An exploratory descriptive study on nurses' knowledge, attitudes and practices regarding evidence based practice in a prevention of mother to child transmission of HIV program at a selected public tertiary hospital in Malawi.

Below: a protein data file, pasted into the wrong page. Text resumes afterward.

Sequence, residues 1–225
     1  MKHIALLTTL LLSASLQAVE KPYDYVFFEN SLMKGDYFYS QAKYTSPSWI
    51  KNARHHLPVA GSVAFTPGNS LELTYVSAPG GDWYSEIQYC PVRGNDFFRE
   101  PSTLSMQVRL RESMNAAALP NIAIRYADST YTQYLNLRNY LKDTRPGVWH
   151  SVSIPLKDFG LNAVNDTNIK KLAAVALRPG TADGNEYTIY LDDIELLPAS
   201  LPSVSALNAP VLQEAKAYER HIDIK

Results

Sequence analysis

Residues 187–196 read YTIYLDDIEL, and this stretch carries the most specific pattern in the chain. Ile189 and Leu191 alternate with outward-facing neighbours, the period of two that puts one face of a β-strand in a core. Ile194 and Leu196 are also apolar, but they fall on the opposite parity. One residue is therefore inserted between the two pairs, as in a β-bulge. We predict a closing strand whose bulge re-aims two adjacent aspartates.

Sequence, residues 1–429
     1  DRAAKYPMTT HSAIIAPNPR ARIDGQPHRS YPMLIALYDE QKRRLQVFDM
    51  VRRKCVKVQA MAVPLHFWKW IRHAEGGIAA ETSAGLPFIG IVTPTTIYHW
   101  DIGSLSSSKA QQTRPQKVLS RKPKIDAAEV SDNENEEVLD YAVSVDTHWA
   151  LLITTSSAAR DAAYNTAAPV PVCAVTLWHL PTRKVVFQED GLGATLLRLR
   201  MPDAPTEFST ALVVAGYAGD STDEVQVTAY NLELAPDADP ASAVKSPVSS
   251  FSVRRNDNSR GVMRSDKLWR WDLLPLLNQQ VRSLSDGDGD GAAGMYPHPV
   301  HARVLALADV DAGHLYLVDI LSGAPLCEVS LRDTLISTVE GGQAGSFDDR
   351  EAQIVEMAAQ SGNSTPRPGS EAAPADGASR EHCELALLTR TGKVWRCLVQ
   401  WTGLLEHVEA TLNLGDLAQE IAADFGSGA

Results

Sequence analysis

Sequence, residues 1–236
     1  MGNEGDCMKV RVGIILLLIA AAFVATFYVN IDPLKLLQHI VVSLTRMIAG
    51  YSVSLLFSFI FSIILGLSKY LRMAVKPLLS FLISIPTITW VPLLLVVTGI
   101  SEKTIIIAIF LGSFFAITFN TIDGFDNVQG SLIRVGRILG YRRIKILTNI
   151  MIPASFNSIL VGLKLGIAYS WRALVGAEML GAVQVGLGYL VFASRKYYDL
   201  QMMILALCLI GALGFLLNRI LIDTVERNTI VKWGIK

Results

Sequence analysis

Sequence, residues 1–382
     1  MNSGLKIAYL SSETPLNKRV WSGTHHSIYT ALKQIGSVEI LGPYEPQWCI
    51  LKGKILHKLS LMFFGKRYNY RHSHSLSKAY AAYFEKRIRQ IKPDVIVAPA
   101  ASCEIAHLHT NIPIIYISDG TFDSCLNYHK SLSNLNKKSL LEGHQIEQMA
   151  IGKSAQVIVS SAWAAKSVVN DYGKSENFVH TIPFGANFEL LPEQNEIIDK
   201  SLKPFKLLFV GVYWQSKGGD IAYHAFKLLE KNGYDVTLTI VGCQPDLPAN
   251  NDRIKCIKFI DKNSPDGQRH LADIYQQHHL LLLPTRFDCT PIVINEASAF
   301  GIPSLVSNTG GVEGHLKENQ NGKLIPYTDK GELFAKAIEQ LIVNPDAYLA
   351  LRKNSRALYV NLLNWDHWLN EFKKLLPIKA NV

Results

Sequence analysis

HIV/AIDS continues to be a global public health concern with Malawi being among the countries worst affected by the pandemic. Women have the highest prevalence compared to men and the prevalence is also very high among pregnant women, thereby increasing the risk of mother to child transmission of the virus. Prevention of mother to child transmission of HIV is therefore a priority in the efforts to curb the HIV/AIDS pandemic. The HIV/AIDS field is rapidly evolving, however, as more research evidence continues to emerge. Studies have shown that successful implementation of evidence-based interventions from empirical research can result in remarkable reduction of Mother to child transmission of HIV. This necessitates evidence-based practice among nurses. The purpose of this study therefore was to explore and describe the knowledge, attitudes and practices of nurses regarding evidence-based practice in Prevention of mother to child transmission of HIV at a selected public tertiary hospital in Malawi. A non-experimental exploratory descriptive quantitative design was used for the study. The study population comprised permanently employed nurses working in maternity, pediatric and gynecology departments of the selected hospital. The total population was 86 and all the nurses were invited to participate. Only 81 agreed, giving a response rate of 94%. A self-administered questionnaire was used to collect data and the data were entered and subsequently analyzed using Predictive Analytics Software (PASW) version 21. The findings of the study revealed that nurses had average knowledge of evidence-based practice. Although their attitudes were found to be favorable, their practice of evidence-based practice was very low. Certain social-demographic variables were found to have an influence on the nurses’ knowledge, attitudes and practices. Nurses indicated that evidence-based practice was mainly hampered by insufficient resources and difficulties in accessing research articles. Mentoring, training and access to literature were the major facilitators reported by the nurses. Based on these findings, it is recommended that for evidence-based practice to be promoted, the nurses be provided with the necessary support including education and resources. .
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